Lynne Neagle is the candidate for Welsh Labour for the Torfaen seat in the Senedd Election on Thursday 6 May 2021. Cwmbran Life readers suggested some questions to go the candidates. Here are Lynne’s answers. Visit Cwmbran Life to read the answers from the others who took part. Visit Torfaen Council’s website to see the full list of candidates.
Q. Very simple question to start, why should voters in Torfaen put the X in the box next to your name?
A. I’ve got a record of standing up for Torfaen. I’ve always put my constituency first, even when that’s got me into hot water with my party or other colleagues – I’ve always put the priorities of our communities at the heart of everything I do. I’ve campaigned for the things that matter – helping to bring the new Grange Hospital for example and new post-16 provision. Nobody is going to fight harder for our communities, for our jobs and for the future of our children.
Q. There are many ‘play parks’ in Torfaen, but they are such basic provision. The newest one local to me has a wobbly pirate ship and a stack of logs. This counts as a play park? It has been a hard year entertaining children and keeping them physically healthy, play parks are more important than this basic provision. What plans do you have to add more equipment to current play parks and increase the quality of our local open spaces to encourage play and exercise for a generation that is happy in front of a TV/computer, when the alternative entertainment is a wobbly pirate ship and a stack of logs?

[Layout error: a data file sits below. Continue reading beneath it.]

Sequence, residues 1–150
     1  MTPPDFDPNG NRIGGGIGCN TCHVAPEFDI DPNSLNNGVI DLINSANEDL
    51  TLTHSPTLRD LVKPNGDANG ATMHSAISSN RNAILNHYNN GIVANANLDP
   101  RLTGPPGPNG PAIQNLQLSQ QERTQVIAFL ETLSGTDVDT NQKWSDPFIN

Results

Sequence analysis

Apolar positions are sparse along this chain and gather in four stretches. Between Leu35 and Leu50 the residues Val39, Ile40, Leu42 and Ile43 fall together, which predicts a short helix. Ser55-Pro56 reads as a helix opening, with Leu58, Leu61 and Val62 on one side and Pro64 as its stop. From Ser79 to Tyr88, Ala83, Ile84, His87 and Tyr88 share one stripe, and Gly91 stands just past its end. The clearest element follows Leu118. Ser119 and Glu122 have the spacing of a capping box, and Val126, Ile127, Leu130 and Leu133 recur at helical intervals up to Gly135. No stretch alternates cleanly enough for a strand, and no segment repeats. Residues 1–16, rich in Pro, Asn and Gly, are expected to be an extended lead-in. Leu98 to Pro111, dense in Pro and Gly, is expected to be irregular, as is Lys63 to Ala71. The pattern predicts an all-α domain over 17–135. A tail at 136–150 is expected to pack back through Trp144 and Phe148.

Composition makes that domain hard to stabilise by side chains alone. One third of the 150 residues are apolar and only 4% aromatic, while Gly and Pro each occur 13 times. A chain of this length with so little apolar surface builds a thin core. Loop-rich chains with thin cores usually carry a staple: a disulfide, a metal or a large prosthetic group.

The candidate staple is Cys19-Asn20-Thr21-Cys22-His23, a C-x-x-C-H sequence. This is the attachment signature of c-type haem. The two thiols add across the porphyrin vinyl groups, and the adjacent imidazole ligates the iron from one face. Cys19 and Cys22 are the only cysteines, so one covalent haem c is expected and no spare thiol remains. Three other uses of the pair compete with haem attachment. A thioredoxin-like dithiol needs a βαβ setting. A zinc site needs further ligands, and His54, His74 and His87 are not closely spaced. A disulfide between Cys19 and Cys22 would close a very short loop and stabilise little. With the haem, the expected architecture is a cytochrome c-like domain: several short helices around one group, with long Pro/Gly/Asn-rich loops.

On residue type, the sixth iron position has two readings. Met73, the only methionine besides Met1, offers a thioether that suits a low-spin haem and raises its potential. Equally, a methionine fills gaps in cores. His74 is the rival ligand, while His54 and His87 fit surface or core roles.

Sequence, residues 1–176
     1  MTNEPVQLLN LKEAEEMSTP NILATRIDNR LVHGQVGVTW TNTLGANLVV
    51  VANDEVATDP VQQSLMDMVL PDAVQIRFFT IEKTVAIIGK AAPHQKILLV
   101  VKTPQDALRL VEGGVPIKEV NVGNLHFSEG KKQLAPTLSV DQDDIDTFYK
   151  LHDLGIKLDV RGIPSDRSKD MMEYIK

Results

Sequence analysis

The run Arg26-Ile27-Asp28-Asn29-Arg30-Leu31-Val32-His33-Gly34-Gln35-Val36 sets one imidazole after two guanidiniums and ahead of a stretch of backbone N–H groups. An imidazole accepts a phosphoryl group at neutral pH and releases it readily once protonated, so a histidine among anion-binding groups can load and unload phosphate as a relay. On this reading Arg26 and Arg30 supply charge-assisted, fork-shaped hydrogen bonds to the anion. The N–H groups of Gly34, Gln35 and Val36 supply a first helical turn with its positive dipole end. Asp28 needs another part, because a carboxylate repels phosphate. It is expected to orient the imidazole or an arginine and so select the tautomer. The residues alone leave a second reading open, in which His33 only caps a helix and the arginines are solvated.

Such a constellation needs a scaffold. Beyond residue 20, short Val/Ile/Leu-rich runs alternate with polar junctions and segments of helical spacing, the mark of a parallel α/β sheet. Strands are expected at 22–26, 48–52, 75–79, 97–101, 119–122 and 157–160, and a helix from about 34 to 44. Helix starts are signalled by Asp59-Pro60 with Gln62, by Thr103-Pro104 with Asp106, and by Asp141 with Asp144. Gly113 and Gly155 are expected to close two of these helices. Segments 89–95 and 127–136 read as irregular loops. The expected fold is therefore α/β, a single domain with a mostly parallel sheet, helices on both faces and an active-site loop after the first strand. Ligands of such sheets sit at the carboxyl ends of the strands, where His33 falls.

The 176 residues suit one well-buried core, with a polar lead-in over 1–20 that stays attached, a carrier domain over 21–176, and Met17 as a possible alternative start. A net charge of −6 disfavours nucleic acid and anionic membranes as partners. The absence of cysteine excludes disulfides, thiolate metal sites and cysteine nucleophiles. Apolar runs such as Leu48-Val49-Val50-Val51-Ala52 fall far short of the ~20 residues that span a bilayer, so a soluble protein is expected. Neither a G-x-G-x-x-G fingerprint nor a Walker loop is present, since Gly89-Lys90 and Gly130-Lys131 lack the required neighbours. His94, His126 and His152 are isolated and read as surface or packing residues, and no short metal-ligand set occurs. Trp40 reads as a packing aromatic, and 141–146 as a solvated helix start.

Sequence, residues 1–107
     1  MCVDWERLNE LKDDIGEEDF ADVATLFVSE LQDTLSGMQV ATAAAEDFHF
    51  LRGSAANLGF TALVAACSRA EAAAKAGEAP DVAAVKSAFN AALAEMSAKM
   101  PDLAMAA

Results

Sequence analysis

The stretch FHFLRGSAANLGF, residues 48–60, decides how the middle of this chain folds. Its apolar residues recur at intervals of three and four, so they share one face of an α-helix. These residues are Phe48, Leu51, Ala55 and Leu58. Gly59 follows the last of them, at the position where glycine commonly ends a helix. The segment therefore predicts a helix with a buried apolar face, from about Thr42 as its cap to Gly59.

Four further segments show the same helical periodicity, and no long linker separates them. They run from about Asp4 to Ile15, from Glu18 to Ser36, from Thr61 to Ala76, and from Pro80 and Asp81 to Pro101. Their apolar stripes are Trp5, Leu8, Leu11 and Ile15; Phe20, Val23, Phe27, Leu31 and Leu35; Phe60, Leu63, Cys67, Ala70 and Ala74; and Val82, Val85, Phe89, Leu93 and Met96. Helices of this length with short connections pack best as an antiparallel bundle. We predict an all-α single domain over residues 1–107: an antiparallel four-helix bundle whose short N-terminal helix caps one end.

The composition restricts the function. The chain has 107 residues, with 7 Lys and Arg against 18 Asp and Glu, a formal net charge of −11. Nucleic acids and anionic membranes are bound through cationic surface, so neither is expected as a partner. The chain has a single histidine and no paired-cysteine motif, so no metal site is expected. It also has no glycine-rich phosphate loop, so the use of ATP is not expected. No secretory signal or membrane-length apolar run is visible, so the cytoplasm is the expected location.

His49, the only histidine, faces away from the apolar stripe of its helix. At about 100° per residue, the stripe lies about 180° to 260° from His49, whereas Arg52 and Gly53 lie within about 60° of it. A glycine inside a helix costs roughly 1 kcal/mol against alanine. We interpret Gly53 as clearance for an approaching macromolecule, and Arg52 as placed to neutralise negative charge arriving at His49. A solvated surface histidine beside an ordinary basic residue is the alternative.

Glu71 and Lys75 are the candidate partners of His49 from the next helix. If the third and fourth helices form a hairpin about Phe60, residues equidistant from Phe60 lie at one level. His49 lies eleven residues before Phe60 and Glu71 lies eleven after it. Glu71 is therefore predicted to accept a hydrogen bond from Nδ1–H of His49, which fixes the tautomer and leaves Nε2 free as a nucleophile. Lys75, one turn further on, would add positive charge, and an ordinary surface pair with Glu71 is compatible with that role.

A. Campaigning for the rights of children to have happy, engaging and safe childhoods has been right at the heart of everything I do as a Member of the Senedd. This has been evident in the way I’ve chaired the Children and Young People’s Committee over the last 5 years. The right to play and the importance of outdoors activities has never been higher up the agenda after successive lockdowns. If there is any substandard play equipment in the constituency, I’m obviously going to take that very seriously and work with the council and any other partners to get things ship shape. We need to be encouraging outdoor play, and that starts with decent, safe, interesting equipment.
Q. Will you push for a huge increase in support for mental health awareness in schools? This is more than the ‘wellbeing’ buzzword.
A. This really has been my life’s work over the last five years. Under my leadership, the Children and Young People’s Committee in the Senedd published the Mind over Matter report in 2018, which focuses on improving the mental health of young people in this country. This report has already led to fundamental changes in how our education system approaches mental health – and my tenacity on this matter was remarked upon by the outgoing Education Minister, and by politicians of all political parties. There are no buzzwords in the report we produced – just ambitious, lifechanging recommendations that I fought hard to publish, and will continue to fight for in the next Senedd.
Q. With the amazing support over the last year these professionals have provided pupils around Wales, will you support a pay rise for our amazing Teaching Assistants?
A. Teaching assistants really have been the unsung heroes of the Pandemic and I’m incredibly grateful for the vital role they have played by supporting vulnerable children and the children of key workers throughout the pandemic. I think Teaching Assistants deserve more recognition and better pay.